When Father Was Away on Business

Tito’s break-up with Stalin in 1948 marked the beginning of not only confusing, but also very dangerous years for many hard-core Yugoslav communists. A careless remark about the newspaper cartoon is enough for Mesha to join many arrested unfortunates. His family is now forced to cope with the situation and wait for his release from prison.

Na Putu (On the Path)

Luna and Amar are a couple. Their relationship is under great strain. First of all, Amar loses his job for being drunk at work. Luna is very worried and has little hope of realising her fragile dream of having a child with Amar. But her fears for their future increase when Amar takes on a well-paid job in a Muslim community hours away from where they live.
Only after quite some time has elapsed during which they have had no contact with each other, is Luna allowed to visit Amar in this community of conservative Wahhabis in its idyllic lakeside location. She notices that the men and veiled women live in strict segregation and are closely watched. Luna asks Amar to return home with her but Amar insists that life in this isolated community of faithful followers has brought him peace and also keeps him from drinking.

When he returns home a few weeks later, Luna realises that Amar’s attitude to religion has fundamentally changed. Amar claims that his only interest is to become a better person, but Luna finds it extremely difficult to follow his line of thinking. She begins to question everything that she has believed in, even her desire to have a child. As the wounds of a tragic war-filled past continue to haunt her, Luna tears herself apart searching if love is truly enough to keep her and Amar together on the path to a lifetime of happiness.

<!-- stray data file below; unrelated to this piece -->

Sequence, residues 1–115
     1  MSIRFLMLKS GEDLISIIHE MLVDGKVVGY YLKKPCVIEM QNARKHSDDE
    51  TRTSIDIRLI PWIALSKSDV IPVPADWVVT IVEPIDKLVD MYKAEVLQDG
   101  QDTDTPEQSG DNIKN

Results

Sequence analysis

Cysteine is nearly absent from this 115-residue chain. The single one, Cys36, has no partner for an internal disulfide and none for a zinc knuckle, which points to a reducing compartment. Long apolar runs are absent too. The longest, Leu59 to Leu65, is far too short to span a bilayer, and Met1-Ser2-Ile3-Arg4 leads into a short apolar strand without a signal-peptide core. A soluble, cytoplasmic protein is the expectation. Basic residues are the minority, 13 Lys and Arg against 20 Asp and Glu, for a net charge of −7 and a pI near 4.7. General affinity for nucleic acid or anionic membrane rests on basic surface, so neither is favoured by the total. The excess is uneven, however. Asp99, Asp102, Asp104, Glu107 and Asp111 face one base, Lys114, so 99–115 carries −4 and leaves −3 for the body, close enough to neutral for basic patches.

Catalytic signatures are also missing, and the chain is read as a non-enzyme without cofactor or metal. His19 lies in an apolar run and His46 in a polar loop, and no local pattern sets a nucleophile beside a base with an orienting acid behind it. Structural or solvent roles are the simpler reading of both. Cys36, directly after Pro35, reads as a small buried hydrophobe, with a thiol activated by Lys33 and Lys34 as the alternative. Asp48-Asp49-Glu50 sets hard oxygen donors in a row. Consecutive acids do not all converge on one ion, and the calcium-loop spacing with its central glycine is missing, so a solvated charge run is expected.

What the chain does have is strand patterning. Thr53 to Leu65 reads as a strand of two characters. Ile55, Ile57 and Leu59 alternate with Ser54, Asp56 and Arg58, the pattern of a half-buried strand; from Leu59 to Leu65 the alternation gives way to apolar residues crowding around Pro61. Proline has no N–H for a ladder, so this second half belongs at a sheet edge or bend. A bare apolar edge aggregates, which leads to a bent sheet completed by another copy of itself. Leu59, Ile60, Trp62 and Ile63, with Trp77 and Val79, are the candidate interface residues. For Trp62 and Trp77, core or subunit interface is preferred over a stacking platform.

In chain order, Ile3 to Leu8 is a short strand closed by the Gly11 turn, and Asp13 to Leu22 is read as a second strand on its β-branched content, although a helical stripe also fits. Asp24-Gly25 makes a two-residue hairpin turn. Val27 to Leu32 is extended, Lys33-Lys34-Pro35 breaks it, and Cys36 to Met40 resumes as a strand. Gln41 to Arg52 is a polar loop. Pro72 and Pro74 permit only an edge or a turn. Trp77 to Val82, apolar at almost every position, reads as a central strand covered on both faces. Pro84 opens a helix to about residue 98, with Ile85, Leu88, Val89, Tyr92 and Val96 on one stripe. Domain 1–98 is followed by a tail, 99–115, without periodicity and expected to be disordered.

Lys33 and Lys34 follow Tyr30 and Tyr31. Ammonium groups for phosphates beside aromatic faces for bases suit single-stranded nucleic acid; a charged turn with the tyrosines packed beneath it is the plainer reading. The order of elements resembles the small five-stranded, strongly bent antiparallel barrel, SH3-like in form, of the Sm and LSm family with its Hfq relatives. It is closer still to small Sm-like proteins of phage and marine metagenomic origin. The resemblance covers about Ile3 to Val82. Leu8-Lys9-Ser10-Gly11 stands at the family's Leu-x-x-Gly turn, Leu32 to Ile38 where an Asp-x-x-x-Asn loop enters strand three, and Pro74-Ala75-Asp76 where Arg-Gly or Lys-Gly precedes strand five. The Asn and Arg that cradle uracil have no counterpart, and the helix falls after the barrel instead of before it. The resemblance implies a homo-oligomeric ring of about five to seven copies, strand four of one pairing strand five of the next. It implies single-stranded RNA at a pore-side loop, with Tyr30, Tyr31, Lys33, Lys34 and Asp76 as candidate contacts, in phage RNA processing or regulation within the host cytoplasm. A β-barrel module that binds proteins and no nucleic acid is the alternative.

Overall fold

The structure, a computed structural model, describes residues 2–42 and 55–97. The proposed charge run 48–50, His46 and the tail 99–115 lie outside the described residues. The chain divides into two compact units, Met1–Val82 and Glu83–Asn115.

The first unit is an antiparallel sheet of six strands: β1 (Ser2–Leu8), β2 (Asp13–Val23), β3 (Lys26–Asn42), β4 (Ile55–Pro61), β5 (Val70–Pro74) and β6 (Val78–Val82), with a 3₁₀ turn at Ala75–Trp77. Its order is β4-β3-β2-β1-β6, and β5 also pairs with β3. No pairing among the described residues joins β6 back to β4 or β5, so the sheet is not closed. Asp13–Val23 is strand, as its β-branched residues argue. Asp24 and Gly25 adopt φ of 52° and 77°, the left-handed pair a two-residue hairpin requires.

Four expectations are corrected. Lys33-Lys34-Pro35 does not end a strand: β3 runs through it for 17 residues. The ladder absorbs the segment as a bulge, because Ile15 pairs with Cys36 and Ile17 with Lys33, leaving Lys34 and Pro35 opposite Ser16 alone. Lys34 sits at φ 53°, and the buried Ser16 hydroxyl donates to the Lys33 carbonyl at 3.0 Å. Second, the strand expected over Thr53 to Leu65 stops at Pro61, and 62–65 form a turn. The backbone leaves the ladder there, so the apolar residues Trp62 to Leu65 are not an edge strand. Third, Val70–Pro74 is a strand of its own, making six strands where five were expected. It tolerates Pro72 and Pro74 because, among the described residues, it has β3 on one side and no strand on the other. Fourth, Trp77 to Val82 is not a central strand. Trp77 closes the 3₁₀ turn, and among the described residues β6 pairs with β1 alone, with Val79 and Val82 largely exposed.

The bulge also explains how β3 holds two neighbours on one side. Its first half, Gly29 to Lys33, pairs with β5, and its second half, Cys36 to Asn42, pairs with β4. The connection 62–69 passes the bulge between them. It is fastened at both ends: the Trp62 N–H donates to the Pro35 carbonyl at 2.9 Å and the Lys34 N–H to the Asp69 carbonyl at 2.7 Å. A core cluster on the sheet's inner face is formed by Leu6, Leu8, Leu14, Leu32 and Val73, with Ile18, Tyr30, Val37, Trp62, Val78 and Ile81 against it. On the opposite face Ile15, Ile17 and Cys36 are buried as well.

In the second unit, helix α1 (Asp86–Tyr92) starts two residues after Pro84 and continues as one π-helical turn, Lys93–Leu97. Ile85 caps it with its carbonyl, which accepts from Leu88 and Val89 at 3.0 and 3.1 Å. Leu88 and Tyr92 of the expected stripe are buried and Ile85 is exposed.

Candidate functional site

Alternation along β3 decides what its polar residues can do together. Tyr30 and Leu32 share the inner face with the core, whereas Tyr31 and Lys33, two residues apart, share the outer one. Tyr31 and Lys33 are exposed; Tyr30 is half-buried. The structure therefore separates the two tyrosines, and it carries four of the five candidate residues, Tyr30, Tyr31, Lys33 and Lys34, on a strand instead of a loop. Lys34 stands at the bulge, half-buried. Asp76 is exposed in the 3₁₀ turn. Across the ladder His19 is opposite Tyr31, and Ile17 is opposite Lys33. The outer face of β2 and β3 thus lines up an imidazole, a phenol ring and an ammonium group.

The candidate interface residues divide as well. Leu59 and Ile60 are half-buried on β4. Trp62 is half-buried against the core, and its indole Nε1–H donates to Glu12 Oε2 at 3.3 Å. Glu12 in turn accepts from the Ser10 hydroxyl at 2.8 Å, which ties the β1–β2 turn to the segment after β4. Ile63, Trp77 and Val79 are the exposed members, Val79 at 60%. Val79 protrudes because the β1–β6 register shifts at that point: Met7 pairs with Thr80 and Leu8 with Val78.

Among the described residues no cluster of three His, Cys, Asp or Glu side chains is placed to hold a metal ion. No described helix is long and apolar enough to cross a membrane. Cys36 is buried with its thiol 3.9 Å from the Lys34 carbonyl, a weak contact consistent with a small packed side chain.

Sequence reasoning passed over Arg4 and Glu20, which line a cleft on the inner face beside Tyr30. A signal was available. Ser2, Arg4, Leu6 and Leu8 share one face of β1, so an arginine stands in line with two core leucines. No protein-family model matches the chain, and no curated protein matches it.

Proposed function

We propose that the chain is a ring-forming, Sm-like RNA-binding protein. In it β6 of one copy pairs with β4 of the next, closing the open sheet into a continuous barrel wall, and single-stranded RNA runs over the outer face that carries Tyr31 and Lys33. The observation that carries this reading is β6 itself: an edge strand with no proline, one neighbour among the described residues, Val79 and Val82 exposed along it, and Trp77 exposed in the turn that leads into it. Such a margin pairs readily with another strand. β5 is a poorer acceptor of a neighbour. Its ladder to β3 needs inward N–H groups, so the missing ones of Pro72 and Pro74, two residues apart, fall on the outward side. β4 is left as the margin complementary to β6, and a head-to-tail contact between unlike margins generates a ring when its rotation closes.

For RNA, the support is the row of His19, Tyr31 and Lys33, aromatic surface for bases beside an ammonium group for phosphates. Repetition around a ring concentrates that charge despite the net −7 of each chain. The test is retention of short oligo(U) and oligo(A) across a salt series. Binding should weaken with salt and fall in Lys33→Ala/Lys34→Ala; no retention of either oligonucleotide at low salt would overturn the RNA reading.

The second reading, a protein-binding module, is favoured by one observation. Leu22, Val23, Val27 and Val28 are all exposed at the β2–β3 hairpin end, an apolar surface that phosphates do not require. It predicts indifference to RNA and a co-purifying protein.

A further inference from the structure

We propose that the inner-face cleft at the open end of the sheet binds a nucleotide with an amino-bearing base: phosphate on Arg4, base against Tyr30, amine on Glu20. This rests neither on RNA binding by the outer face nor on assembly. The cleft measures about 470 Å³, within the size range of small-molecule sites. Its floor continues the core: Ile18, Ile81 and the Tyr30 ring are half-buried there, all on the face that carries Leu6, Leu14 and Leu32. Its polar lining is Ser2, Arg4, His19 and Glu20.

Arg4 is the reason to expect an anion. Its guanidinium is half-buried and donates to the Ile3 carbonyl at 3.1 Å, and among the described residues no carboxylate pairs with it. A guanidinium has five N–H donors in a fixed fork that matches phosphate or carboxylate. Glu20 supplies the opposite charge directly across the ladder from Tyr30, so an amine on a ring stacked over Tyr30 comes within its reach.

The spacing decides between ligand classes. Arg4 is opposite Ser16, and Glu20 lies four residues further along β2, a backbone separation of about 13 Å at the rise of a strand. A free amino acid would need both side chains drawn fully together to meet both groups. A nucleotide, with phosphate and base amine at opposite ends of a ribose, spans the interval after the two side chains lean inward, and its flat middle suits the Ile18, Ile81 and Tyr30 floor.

[Synopsis courtesy of the Berlin International Film Festival]

A Good Wife

Milena is a middle-aged wife and mother ensconced comfortably behind a gate in an upscale suburb of Belgrade. She quietly tends to her looks, dutifully cooks and entertains, and meets her friends for choir practice. She makes love with her husband and they socialize jauntily with a group of old friends. But unsettling realities are beginning to seep into Milena’s consciousness and disrupt her ordered world. One day while cleaning, she happens upon a videotape that incriminates her husband in horrific war crimes. [Synopsis courtesy of Sundance Film Festival]

Monument to Michael Jackson

In a dying town in Serbia daydreamer Marko is on the verge of divorce from the love of his life, Ljubinka. When an old communist-era monument is removed from the Main Square, he comes up with the idea to build a monument to Michael Jackson in order to save his town and seduce his wife again. But the town’s mayor has his own plans.

The Reaper

Three fateful encounters over the course of a single night exposes the gloomy picture of Ivo’s life and of the small Croatian village where he lives, which is as stuck and imprisoned by war as Ivo is by his dark past. [Synopsis courtesy of Toronto International Film Festival]

The Whirlpool

The second half of the 1990s in Belgrade. Three childhood friends are becoming adults, trying to find themselves in the chaotic whirlpool of events. Within a period of 48 hours their lives change completely. The film tells three separate stories, but all intertwined. Bogdan is the aggressive leader of a Belgrade skinhead group. His anger is largely caused by an abusive father (played by Emir Kusturica). Kale is the last living member of a famous gangster clan, their motto being “Better to live one day as a king than a thousand years as a slave”. Count is a graffiti artist who is battling his ghosts from the war by drawing a whirlpool which he believes will suck out all the dark shadows from his past. Director’s statement: “If, while swimming in a river, a whirlpool catches you and starts pulling you down – don’t fight it. Dive in deep and let it pull you to the bottom. It’s the weakest there and maybe you’ll make it. All those who lived in the Balkans during the 1990s felt the strength of being in a whirlpool-like state. We were sucked into it against our will, and even today we can’t seem to get out”. [Synopsis courtesy of Warsaw Film Festival]